The archaeologists continually ask the question of the connection between the Qumran settlement and the caves/the scrolls (cf. Collins, 2010: 151-2). A systematic excavation of the ruins of the Khirbet Qumran, in order to establish whether or not there was any connection between what appeared to be the remains of a fortress belonging to the Roman period and the manuscripts found in Cave 1, was conducted by an archaeological expedition, under the director of Lancaster Harding, director of the Department of Antiquities of Jordan, and of Ronald de Vaux, director of the École biblique et archéologique française de Jérusalem (cf. Martínez, 1992/1994: xxxvii-xxxix). In that initiative, several significant excavations come to the fore. Meyers (2010: 32; cf. Schiffman, 1994/1995: 37) states that, “the pottery from the excavated caves together with that found at the settlement falls within the same chronological range and presents the same types of simple, undecorated wares that we find in both the locations”. Brooke (2006: 1: 319) says that the scrolls that reflect the life of the Qumran community. Though the area was noted in various explorations around the Dead Sea since 1851 (de Vaux, 1953: 89), it is noteworthy to state that Khirbet Qumran attracted the attention of archaeologists only because of the discovery of the Dead Sea Scrolls in caves in the nearby cliffs (cf. Murphy-O’Connor, 1992: 5: 590). A genuine observation of the two, the Khirbet Qumran and the Qumran caves, makes us confirm that both are related to the other. This factor is proved through archaeological, paleological, chronological, and historical investigations conducted in the area. A traveller who visits the site also can comprehend the connectivity of the two sites through the factor of proximity.
I was unable to believe that I was stepping on a settlement ground that is about 3,000 years old and was a significant place of biblical copying and interpretation. The stratigraphy of Khirbet Qumran revealed several phases ranging from the 8th century B.C. to the Second Jewish Revolt, as follows: (1) Israelite [ca. 700-600 B.C.]; (2) Hellenistic [Ia; ca. 150-100 B.C.]; (3) Ib [ca. 100-31 B.C.]; (4) Roman, Herodian [II; ca. 4 B.C. till A.D. 68]; (5) Roman [III; ca. A.D. 69-74]; (6) A.D. 74-132; and (7) Second [Bar Kochba] Revolt [A.D. 132-35] (cf. Murphy-O’Connor, 1992: 5: 590; Schiffman, 1994/1995: 40). The pottery remains show that it to have been in use from the 8th century to the 6th century B.C. The general consensus is that this structure must be one of the six cities in the wilderness mentioned in Josh 15:61-62. The majority of scholars identify it with Irhammelah, the ‘City of Salt’ (references in de Vaux, 1973: 91-94; cf. Murphy-O’Connor, 1992: 2: 591). We witnessed the significant areas of the Khirbet Qumran, such as the entrance, fortified tower, scriptorium, kitchen, assembly and dining hall, pottery workshop, water cisterns, aqueduct, stable, and the water system. From the platform on the tower, one can view the whole complex. Murphy-O’Connor (2008: 438) reports, “Associated with the water system, but not part of it, are two ritual baths; the Essenes had to purify themselves by bathing in cold water before entering the ‘holy temple’ of the refectory”. Prof. Charlesworth was keen to introduce the boundary marks on the steps in the ritual pools. The boundary marks are intended to make separation between those who descend for bathing and those who ascend after bathing. This separation is highly symbolical and I learned a number of good lessons from that. The vast scriptorium bears evidence of the scribes’ work—transcribing texts from the Bible and other works written during the Second Temple era on leather, papyrus and copper (cf. Pictorial Guide: 58-59). The Qumran community’s communitarian lifestyle, intellectual efforts, and spiritual profundity are reflected through all these.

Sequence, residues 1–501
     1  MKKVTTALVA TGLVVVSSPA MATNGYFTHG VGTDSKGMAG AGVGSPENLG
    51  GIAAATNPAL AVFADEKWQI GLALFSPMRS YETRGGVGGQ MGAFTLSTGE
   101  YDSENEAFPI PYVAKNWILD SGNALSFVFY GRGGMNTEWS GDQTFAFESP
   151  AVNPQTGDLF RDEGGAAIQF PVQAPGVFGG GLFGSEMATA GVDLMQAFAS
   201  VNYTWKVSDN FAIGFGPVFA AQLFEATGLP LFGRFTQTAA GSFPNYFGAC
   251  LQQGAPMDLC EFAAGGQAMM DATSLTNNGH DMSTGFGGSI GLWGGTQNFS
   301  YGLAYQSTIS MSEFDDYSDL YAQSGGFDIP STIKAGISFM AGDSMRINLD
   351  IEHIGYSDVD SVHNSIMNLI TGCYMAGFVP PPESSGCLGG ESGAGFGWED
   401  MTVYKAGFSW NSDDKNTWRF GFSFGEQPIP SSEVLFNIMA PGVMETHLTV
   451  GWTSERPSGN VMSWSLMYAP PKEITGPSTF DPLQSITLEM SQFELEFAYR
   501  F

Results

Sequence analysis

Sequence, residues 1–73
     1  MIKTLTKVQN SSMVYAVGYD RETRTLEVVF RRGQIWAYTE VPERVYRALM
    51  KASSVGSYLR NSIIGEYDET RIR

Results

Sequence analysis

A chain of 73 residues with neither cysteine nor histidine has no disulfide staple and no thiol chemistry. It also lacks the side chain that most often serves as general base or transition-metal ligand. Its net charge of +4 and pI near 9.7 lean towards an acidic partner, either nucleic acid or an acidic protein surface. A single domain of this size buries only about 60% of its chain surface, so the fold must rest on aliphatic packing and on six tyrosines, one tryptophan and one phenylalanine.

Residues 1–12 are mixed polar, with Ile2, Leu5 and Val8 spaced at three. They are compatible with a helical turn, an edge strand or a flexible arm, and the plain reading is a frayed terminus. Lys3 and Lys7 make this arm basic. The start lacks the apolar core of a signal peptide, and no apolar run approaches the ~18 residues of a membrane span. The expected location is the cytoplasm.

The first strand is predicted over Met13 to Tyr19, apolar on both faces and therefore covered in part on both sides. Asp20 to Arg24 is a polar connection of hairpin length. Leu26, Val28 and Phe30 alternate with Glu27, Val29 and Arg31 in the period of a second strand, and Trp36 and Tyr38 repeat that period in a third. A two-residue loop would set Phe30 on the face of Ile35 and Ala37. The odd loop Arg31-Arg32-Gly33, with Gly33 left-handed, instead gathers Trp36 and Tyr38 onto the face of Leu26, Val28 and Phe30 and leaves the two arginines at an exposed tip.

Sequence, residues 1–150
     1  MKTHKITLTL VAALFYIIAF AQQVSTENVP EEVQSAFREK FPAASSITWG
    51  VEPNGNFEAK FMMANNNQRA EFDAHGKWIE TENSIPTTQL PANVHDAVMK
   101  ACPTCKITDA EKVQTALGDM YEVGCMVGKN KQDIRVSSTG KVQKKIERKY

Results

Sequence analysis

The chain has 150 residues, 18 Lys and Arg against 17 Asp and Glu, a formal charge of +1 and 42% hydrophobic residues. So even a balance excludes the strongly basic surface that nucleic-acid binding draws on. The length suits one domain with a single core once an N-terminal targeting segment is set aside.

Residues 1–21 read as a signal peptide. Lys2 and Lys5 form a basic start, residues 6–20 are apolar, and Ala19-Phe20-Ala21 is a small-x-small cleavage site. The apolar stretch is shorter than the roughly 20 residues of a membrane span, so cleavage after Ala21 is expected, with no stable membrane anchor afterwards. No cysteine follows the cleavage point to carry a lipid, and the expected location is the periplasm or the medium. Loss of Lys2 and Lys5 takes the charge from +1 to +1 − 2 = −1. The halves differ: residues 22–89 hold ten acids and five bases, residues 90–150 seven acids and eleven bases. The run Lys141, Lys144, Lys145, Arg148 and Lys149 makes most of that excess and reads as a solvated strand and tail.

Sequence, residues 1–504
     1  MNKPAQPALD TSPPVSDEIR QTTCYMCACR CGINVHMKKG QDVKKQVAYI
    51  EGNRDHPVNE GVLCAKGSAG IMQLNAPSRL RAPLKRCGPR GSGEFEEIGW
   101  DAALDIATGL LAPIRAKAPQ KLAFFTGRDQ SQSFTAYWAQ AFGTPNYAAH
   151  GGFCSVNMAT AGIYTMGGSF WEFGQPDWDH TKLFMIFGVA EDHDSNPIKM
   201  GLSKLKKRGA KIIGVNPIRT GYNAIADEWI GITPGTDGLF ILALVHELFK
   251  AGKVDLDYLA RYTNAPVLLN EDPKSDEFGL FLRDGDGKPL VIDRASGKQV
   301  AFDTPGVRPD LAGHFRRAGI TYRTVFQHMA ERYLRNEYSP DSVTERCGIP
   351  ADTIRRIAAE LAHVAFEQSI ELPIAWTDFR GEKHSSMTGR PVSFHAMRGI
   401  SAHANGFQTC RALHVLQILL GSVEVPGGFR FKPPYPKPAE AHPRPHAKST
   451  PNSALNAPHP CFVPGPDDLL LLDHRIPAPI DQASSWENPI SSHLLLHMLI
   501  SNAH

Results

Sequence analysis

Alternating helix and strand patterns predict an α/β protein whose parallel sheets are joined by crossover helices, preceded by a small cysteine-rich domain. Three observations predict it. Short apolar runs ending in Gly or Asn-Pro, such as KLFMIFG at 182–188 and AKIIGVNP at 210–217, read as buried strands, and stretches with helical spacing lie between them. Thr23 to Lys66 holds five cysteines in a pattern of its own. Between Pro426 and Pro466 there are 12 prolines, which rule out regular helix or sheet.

Just 50 meters east of the settlement buildings and toward the Dead Sea there is a large cemetery. We closely observed this spot. The graves exist in the location as the burials were done without wasting the land. According to Kugler (2000: 887), “It contains around eleven hundred graves and is generally associated with Periods I and II. The few graves that have been excavated within the cemetery proper all contained male remains that were more or less interred in the same manner”. There are other graves excavated in them the remains of women and children are identified. In closer examinations, they were identified as later ones, most probably of the Bedouin settlements in the region (cf. Hachlili, 2010: 46-78). Kugler (2000: 887) reports that, “two additional cemeteries north and south of the settlement hold another forty-five graves altogether”. Our observation of this spot ignited our thinking along the lines of thought of the Qumran documents. The sacred nature of the community, the ritualistic aspects related to burial, and the aspect of separation (i.e., life, death, and burial) from the mainstream Jerusalem Judaism are reflective through these views.